Nina Cassaday (played by Milena Govrich). Nothing much to say here. I haven’t seen enough episodes with this character, though I’m fairly certain she was the only female detective to appear on the original Law & Order, and I believe she only lasted a season. Maybe they didn’t want anybody competing with McCoy’s sexy A.D.A. of the month (Alana de la Garza). Only room for one brunette on this set.
Kevin Bernard (played by Anthony Anderson). Anthony Anderson actually guest starred in an episode of Special Victims Unit playing an entirely different character. That confused the heck out of me initially. His character on SVU was totally over-the-top and ridiculous. Bernard is a much more nuanced character, and more personable than Lupo. I always wished Anthony Anderson had been allowed to be funnier, though. I like Anthony Anderson, and was pleased when I found out he was on the show.
Elliot Stabler (played by Christopher Meloni). Stabler may be the most fully realized of any Law & Order detective. He’s much more than the consummate hothead he often appears to be, but he is difficult to like. I assume much of the credit for this probably goes to Christopher Meloni for being so damn good in the role. Naturally, when you have an actor like Meloni, you want to give him some juicy material to sink his teeth into, and because Special Victims Unit doesn’t follow the strict procedural nature of its predecessor, there’s more breathing room for characterization.
Olivia Benson (played by Mariska Hargitay). Like Stabler, Det. Benson benefits from 11 years of characterization. Over time, Benson has become a character with an increasing number of personal demons, and Hargitay has made the role distinctively her own by striking a good balance between soft and hard.
John Munch (played by Richard Belzer). Fun fact, John Munch has appeared on eight different television shows, including The X-Files and Arrested Development. I like Munch. Belzer isn’t a great actor or anything, but he gets a lot of good lines, and I always wish he could get more screen time on SVU.
Odafin “Fin” Tutuola (played by Ice-T). Like Belzer, T isn’t a powerhouse performer, but he’s consistently decent and believable as Det. Tutuola. In the few episodes of SVU that are dedicated to developing his character, Ice-T actually turns in some pretty nice performances, and in a way, he’s a really underrated asset of the show. I like his odd couple relationship with Munch and I like when he butts heads with Stabler.
Chester Lake (played by Adam Beach). Not a lot to say about this character. He seemed to have been written out pretty quickly. I liked Beach’s portrayal, but I prefer Munch. SVU already had enough characters that got too emotionally wrapped up in their cases. I understand why the fans rejected him, though I feel a little sorry for Beach, since he gave some good performances, and I hated to see Lake go out the way he did.

Robert Goren (played by Vincent D’Onofrio). Goren is probably my favorite detective on any of the Law & Order programs. Yes, it’s ludicrous how he seems to know everything (I was watching an episode earlier tonight in which he caught some guy in a lie about a Rolex by knowing that the model he was wearing wasn’t manufactured after the 70s–every episode has these “how did he know that?” moments), but I just love D’Onofrio’s performances. Law & Order: Criminal Intent was a departure from the original Law & Order formula, in that trials only very rarely factor into the episodes. Typically, episodes end with the Major Case detectives getting a confession, and it was always a blast watching Goren get inside the heads of suspects. I couldn’t believe it when I found out the character was being written off the show. There’s really no reason to watch Criminal Intent anymore. D’Onofrio carried that show with his unique assortment of idiosyncrasies.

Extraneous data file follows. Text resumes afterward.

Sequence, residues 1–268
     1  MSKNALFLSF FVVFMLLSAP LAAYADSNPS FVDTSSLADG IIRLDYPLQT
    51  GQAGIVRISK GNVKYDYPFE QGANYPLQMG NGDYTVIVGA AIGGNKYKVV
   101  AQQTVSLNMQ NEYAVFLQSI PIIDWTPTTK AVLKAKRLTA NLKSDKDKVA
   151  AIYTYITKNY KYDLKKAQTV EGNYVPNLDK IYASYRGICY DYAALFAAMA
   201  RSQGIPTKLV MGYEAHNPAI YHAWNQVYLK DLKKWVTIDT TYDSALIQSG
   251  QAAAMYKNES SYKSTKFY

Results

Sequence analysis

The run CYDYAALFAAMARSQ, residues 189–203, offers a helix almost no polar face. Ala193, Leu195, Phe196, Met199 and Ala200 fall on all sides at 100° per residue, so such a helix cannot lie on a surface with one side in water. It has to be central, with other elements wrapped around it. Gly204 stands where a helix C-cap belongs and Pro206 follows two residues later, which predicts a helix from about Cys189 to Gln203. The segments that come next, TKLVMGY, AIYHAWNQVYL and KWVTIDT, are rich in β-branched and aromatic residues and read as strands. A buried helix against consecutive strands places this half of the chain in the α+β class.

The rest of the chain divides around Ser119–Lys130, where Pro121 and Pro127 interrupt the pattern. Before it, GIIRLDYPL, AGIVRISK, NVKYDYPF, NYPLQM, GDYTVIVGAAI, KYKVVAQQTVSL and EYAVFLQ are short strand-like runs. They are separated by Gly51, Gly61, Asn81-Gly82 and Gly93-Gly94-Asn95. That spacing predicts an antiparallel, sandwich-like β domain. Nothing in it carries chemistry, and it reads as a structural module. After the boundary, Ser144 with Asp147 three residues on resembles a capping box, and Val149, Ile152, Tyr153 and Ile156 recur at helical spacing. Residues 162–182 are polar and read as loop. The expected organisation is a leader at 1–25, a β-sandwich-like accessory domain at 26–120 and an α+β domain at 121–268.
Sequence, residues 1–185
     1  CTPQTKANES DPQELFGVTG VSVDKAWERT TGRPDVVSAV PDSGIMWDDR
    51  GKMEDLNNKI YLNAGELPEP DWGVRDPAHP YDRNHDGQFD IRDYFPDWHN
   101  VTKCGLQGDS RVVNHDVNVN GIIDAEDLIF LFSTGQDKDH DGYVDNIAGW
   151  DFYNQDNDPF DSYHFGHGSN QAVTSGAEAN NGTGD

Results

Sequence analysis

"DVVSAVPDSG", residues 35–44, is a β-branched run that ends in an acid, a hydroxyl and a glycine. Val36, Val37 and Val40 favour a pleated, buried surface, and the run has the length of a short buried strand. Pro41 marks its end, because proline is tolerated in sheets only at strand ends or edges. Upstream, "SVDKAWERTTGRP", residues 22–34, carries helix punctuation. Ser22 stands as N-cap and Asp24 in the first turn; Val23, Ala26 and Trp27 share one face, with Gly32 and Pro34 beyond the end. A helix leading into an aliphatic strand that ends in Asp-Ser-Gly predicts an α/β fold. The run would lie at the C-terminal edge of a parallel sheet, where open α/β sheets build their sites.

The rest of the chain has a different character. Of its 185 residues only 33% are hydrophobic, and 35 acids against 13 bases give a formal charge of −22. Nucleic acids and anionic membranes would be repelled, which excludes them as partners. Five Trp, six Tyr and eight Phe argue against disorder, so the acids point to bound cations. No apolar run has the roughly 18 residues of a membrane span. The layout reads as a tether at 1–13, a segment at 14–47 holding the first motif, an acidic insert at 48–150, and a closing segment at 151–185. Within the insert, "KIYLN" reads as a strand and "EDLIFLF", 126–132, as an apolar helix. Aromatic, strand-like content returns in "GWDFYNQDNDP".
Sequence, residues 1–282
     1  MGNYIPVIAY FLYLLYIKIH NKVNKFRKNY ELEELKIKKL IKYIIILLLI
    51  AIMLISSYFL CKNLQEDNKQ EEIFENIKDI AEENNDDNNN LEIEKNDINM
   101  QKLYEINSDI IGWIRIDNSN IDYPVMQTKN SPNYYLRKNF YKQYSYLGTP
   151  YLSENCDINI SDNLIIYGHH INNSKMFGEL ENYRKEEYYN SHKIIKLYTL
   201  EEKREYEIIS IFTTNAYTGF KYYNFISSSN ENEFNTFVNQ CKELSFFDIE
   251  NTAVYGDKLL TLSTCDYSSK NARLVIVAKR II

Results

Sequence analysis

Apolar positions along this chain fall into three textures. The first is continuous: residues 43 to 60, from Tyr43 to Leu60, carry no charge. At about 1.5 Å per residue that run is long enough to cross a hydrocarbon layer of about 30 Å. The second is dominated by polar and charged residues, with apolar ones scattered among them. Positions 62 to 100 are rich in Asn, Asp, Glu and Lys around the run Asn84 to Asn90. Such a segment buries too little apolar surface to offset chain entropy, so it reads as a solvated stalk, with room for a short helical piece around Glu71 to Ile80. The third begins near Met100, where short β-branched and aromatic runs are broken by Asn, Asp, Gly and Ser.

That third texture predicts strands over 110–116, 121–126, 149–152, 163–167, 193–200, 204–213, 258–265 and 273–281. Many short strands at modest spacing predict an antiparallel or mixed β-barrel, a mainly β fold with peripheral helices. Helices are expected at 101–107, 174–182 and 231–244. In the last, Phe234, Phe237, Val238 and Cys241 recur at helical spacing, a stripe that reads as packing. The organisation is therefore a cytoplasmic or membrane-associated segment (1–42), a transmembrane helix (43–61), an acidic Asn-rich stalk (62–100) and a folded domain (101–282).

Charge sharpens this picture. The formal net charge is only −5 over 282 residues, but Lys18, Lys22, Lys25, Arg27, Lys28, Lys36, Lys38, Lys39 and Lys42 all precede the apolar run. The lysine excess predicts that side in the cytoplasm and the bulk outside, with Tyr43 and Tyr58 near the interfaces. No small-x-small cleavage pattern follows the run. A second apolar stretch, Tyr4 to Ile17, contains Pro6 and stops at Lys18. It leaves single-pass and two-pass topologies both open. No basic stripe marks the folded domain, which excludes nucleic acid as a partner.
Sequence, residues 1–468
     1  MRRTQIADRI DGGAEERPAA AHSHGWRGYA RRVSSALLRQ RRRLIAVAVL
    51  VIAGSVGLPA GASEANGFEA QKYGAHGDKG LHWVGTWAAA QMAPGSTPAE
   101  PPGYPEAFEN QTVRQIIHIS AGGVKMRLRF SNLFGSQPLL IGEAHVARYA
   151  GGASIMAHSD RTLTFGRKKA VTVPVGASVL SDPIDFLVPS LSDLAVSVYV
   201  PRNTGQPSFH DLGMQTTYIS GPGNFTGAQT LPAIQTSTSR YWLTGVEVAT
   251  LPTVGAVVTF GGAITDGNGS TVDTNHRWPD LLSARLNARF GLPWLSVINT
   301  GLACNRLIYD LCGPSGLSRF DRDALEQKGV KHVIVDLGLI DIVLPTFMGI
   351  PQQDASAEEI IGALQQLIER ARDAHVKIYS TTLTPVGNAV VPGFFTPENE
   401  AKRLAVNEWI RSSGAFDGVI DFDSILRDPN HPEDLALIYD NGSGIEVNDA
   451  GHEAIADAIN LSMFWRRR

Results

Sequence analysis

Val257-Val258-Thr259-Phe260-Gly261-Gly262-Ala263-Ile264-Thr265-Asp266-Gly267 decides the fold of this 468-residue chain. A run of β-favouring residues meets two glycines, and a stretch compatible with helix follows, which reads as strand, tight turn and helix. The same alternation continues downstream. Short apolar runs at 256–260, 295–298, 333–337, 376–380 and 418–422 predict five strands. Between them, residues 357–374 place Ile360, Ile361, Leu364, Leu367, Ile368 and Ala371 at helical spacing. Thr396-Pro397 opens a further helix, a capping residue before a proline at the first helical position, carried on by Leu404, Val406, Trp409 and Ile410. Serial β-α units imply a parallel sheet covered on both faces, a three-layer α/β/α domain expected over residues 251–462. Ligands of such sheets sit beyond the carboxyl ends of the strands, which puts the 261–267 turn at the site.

Alexandra Eames (played by Kathryn Erbe). Second fiddle and straight woman to Det. Goren. The way the character is written, Eames is pretty much the only person who has the patience to partner with the quirky, unpredictable, and increasingly volatile Goren. There are many instances of more forceful personalities amongst female Law & Order detectives, but in a way, Eames might be one of my favorites, if only because she has to be so quick in order to stay in step with her partner. Kathryn Erbe has always very gracefully allowed D’Onofrio to be the star.
Carolyn Barek (played by Annabella Sciorra). Not much to say on this one. Sciorra was fine. The character didn’t stick around long enough to grow on me. Kind of a humorless character, so it’s little wonder she didn’t last.
Megan Wheeler (played by Julianne Nicholson). I could never quite get over the fact that Nicholson looks like a 12 year-old. Apart from that, the character just wasn’t as interesting as Logan, though I did like that Logan was consistently paired up with female detectives.  It gave Chris Noth a little more to play against, and brought out some of the character’s charm. Wheeler served that role adequately without ever clicking for me.
Nola Falacci (played by Alicia Witt). I liked Falacci, actually. The character seems to have been developed to make Logan look almost tame, by comparison. It was interesting to have Logan be the one to exercise the virtues of a level head, and the banter between the characters was, I think, what finally sold me Chris Noth’s addition to Criminal Intent. I wish we could have had more Logan/Falacci episodes.

Zach Nichols (played by Jeff Goldblum). As much as I like Jeff Goldblum, I couldn’t figure out what they were doing with this character. First of all, Nichols was too similar to Goren in his penchant for exploiting psychological tricks, except that where Goren was very much always in the face of the suspects, Nichols was almost disengaged. I’m not certain that Goldblum was truly a good fit for the series–he always seemed to be more amused by his cases than anything else. Also, the quality of the writing in the Nichols episodes just generally didn’t seem to be as good. I just read that he’s leaving the series. Not really surprising.

Serena Stevens (played by Saffron Burrows). Nothing much to say. She’s just there to be upstaged by Det. Nichols. Burrows is fine in the role, but her British accent peeks through a little too often. I’d have liked to have seen more sexual tension between Stevens and Nichols or something.

What do you think?